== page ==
Welcome 

We are welcoming, open and affirming to all. Our services begin at 10:30 a.m. Sundays. Religious exploration for school-age children and childcare for preschoolers are available from September to May. Learn more about us and what happens Sundays at UUFF.

Our growing Unitarian Universalist fellowship is led by Rev. Leslie Ahuvah Fails, who joined UUFF in September 2015.  About half our Sunday Services are lay led or feature guest speakers, ensuring a diversity of topics and voices.

Guest at Your Table

Lay Leader: Laurel McLaughlin

The annual UUFF support for the Unitarian Universalist Service Committee Guest at Your Table program begins on Sunday, November 13, with a multigenerational service.  The UU Service Committee advances human rights and social justice by partnering with citizens around the world, who are challenging oppressive policies in their own countries.  GAYT is the annual information and fund raising in which local congregations participate.

Arctic Refuge Portals

Speaker: Jenna Hertz  Lay Leader: Pam Miller

Musings on the effects of wild places on our understanding of the interdependent nature of the world, through the eyes of a twenty-one year old on her first trip to the Arctic Refuge. Jenna Hertz, Program and Events Assistant at Northern Alaska Environmental Center will speak.

Michael Servetus

 Speaker Hayden Nevill Lay Leader: Frida Shroyer

Michael Servetus was a proto- Unitarian who was burned at the stake as a heretic by John Calvin in 1553. His writings heavily influenced early Unitarian thought beginning in Transylvania and Poland and ultimately influencing early English and American Unitarian movements.

 

Field Notes on Happiness

Speakers/Lay Leaders John and Jana Peirce

From the “Happiness Hypothesis” of positive psychology to the “World Database of Happiness” (started by a Dutch “Professor of Happiness Studies”), the causes and conditions of human happiness have lately become a subject of scientific study. Join us this Sunday as we explore some recent findings from the field of happiness research, including these and other questions: What makes us happy? Where does happiness come from? Are some countries happier than others? Should we expect happiness?

Is Everything You Think You Know About Local Food Wrong?

Lay Leader:  Jeanne Olson  Speaker: Phil Loring

Why do you eat local? For health reasons? Social reasons? Ethical reasons? Dr. Phil Loring, an anthropologist at UAF, will speak on the facts and fallacies that surround local food movements, especially those fallacies that have opened those movements to criticism. He will then talk about how the seven principles of Unitarian Universalism offer a template for action that can keep you, and your local food community, on track toward real social change.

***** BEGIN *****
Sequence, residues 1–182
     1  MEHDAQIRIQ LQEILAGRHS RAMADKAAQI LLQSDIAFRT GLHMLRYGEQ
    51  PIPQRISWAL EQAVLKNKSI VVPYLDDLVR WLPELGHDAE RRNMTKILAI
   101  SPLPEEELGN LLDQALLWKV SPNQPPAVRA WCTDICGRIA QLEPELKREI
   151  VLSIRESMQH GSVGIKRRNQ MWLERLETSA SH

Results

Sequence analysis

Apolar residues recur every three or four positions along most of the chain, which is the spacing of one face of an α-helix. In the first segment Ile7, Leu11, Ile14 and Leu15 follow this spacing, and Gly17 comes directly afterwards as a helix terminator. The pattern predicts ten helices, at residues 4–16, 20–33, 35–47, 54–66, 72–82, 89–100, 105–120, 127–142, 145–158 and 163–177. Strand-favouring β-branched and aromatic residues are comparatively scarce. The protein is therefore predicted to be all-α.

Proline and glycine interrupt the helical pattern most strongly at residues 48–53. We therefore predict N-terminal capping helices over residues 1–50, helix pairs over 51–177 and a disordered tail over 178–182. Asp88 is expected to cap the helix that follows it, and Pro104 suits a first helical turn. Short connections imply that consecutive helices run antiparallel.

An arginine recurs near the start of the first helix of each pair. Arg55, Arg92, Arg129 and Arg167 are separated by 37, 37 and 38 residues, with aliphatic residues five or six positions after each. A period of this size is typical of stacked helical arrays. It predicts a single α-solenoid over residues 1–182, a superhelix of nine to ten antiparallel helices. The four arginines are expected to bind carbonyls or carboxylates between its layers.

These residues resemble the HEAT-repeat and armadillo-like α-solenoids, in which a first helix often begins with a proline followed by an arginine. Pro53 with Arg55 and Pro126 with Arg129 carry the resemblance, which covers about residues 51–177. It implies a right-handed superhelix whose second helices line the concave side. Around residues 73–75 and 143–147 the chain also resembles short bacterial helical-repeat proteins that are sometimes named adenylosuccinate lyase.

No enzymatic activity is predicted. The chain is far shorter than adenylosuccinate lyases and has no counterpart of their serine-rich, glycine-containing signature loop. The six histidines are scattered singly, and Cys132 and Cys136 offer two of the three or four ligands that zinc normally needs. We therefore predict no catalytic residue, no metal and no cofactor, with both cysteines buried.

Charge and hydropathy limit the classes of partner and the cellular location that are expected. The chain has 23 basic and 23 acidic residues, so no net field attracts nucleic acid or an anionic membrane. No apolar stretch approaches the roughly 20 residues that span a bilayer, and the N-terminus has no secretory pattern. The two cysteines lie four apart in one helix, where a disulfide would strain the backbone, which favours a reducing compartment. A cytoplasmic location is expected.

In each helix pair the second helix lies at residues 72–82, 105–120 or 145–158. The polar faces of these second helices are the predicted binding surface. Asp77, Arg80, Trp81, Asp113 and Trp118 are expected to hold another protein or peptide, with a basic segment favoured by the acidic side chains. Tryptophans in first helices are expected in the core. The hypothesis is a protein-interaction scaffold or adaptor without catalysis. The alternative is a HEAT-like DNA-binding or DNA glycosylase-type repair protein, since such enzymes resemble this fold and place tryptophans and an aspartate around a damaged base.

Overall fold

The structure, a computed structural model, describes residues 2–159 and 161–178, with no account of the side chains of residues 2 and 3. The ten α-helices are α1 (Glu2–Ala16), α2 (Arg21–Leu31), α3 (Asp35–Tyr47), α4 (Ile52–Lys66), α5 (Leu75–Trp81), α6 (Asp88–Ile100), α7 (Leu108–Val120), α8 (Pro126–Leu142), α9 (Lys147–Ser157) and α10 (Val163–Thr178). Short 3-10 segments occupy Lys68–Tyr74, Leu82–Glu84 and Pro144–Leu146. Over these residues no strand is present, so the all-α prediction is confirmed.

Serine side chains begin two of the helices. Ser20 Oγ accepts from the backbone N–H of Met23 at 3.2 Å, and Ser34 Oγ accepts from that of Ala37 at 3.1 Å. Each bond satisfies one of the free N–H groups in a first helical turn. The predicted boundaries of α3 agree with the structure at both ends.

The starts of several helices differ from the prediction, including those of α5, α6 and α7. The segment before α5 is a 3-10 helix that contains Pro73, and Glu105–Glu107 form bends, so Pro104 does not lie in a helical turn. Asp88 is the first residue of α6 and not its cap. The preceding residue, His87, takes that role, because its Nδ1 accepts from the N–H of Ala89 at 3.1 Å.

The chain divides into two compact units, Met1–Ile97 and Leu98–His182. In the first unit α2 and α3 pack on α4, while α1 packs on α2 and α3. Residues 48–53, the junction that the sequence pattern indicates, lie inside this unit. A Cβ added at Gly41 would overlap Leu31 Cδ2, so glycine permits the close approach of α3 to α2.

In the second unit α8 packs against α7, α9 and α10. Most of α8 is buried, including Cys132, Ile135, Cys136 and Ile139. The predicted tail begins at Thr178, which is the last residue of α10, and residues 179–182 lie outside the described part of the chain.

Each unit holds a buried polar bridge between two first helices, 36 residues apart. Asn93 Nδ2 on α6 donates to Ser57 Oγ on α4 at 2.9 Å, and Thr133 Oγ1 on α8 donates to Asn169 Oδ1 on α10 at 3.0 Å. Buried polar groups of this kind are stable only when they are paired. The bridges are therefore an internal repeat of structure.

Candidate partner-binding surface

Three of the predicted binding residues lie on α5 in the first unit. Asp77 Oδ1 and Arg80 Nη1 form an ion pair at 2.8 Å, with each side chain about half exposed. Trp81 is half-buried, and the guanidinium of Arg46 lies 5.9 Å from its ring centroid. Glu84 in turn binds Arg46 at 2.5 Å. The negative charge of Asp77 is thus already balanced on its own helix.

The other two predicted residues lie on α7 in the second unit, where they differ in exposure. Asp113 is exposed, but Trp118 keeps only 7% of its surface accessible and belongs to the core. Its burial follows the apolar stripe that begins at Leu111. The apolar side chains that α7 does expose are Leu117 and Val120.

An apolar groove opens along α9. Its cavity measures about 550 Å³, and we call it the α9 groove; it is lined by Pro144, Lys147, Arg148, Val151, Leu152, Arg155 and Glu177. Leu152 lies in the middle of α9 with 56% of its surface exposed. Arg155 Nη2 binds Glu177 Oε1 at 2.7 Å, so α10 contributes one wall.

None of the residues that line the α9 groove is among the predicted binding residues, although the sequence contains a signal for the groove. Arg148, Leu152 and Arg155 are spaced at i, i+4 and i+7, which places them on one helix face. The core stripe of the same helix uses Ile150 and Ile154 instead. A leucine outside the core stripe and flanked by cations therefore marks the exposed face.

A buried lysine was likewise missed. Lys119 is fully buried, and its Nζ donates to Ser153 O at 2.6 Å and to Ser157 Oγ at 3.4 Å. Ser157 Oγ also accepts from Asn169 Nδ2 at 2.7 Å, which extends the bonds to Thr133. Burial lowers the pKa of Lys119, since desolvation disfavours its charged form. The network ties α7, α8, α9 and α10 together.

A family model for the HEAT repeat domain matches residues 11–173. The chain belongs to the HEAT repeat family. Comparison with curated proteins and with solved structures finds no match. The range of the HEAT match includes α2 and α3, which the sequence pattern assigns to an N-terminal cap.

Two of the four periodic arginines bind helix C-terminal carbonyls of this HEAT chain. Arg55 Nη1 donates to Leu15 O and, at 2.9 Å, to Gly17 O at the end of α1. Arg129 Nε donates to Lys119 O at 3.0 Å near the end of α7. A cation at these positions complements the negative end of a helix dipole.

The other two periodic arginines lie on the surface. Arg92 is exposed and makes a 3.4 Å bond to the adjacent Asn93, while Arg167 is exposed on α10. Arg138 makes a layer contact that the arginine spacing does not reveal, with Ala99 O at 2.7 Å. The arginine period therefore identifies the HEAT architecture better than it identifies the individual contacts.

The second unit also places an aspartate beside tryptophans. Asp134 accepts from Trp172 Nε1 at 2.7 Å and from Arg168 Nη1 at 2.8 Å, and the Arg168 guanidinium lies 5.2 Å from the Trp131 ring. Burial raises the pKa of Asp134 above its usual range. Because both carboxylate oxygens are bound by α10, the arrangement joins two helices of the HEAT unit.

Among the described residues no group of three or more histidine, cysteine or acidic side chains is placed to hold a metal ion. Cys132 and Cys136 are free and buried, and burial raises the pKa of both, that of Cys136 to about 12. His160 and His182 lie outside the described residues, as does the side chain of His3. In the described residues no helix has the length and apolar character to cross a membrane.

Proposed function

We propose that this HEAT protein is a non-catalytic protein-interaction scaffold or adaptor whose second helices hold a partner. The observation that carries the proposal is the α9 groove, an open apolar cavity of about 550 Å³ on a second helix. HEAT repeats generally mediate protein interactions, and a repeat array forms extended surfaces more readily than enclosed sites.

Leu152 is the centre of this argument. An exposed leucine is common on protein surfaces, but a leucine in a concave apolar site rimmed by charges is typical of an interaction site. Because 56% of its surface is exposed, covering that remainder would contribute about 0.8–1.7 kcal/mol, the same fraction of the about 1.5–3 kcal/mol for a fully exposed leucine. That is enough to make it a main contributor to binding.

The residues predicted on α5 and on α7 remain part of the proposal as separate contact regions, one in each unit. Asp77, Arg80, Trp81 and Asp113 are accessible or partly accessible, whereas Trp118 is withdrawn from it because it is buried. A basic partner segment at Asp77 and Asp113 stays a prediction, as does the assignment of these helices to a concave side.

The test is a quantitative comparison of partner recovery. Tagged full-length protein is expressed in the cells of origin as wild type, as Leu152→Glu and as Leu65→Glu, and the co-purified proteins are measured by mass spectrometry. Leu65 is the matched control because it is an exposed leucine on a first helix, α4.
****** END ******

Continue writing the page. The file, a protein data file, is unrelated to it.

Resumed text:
William Ellery Channing Meets Lady Gaga

Celebrant: Rev. Sarah Schurr  Lay Leader: Doug Toelle

One historic Unitarian theologian and one modern pop star; they both speak to us of the nature of the human being.

UU Humanism

Celebrant: Rev. Sarah Schurr  Lay Leader:  Brian Rogers

Humanism is one of our six sources and was a key philosophy for our movement in the 20th Century.  How do religious humanism and Unitarian Universalism relate historically and in our work today?

Animal Blessing

Since the 12th Century, many Christians have celebrated the blessing of the animals near the feast of St. Francis of Assi, the patron saint of animals and the environment.  For UU’s, blessings of animals allows us to contemplate our seventh principle: respect for the interdependent web of all existence of which we are a part. This program will celebrate that tradition.  Please bring your animals for our UU blessing. Please bring animals that can “play well with others” or you can also bring a photograph. Lay Leader: Lisa Sporleder. Speaker: Mikayla Eager.

Growing Up UU

Lay Leader: Maia Peirce  Speakers:UUFF Young Adults

The young adults share reflections on their experiences growing up Unitarian Universalist.

September 11th Remembrance Service

Lay Leader: Phil Osborn  Special Guests: Soaring Eagle Drum Group.

UUFF will pause, along with thousands of other communities, to honor and remember the victims of September 11, 2001. We’ll host the Soaring Eagle Drum group, and our children will participate in this multigenerational service. What can we learn from such tragic events, how can we respond as a UU community to these dark parts of our world. We’ll commemorate the lives of those lost, as well as those lost at Knoxville and in the Amish community. Together, let us focus the power of healing, compassion, and love upon our world today.

vera

Hayden

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